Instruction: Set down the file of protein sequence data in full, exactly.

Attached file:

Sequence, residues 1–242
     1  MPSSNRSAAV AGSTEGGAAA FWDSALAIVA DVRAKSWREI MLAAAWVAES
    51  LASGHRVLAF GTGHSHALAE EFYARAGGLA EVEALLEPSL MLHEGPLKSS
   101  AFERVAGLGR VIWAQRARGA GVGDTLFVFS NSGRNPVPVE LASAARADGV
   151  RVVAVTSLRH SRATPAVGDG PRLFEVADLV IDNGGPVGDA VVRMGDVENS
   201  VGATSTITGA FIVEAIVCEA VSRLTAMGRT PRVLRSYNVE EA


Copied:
Sequence, residues 1–242
     1  MPSSNRSAAV AGSTEGGAAA FWDSALAIVA DVRAKSWREI MLAAAWVAES
    51  LASGHRVLAF GTGHSHALAE EFYARAGGLA EVEALLEPSL MLHEGPLKSS
   101  AFERVAGLGR VIWAQRARGA GVGDTLFVFS NSGRNPVPVE LASAARADGV
   151  RVVAVTSLRH SRATPAVGDG PRLFEVADLV IDNGGPVGDA VVRMGDVENS
   201  VGATSTITGA FIVEAIVCEA VSRLTAMGRT PRVLRSYNVE EA